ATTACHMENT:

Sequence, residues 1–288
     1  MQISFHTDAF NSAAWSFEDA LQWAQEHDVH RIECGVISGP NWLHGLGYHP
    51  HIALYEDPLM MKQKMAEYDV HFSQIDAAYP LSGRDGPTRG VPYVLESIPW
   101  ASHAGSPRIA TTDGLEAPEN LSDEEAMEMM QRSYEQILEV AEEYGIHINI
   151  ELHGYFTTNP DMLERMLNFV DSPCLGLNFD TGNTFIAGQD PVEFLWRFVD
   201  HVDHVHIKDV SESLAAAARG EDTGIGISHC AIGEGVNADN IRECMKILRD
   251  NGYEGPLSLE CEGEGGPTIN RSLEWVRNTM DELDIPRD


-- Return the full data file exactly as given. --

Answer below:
Sequence, residues 1–288
     1  MQISFHTDAF NSAAWSFEDA LQWAQEHDVH RIECGVISGP NWLHGLGYHP
    51  HIALYEDPLM MKQKMAEYDV HFSQIDAAYP LSGRDGPTRG VPYVLESIPW
   101  ASHAGSPRIA TTDGLEAPEN LSDEEAMEMM QRSYEQILEV AEEYGIHINI
   151  ELHGYFTTNP DMLERMLNFV DSPCLGLNFD TGNTFIAGQD PVEFLWRFVD
   201  HVDHVHIKDV SESLAAAARG EDTGIGISHC AIGEGVNADN IRECMKILRD
   251  NGYEGPLSLE CEGEGGPTIN RSLEWVRNTM DELDIPRD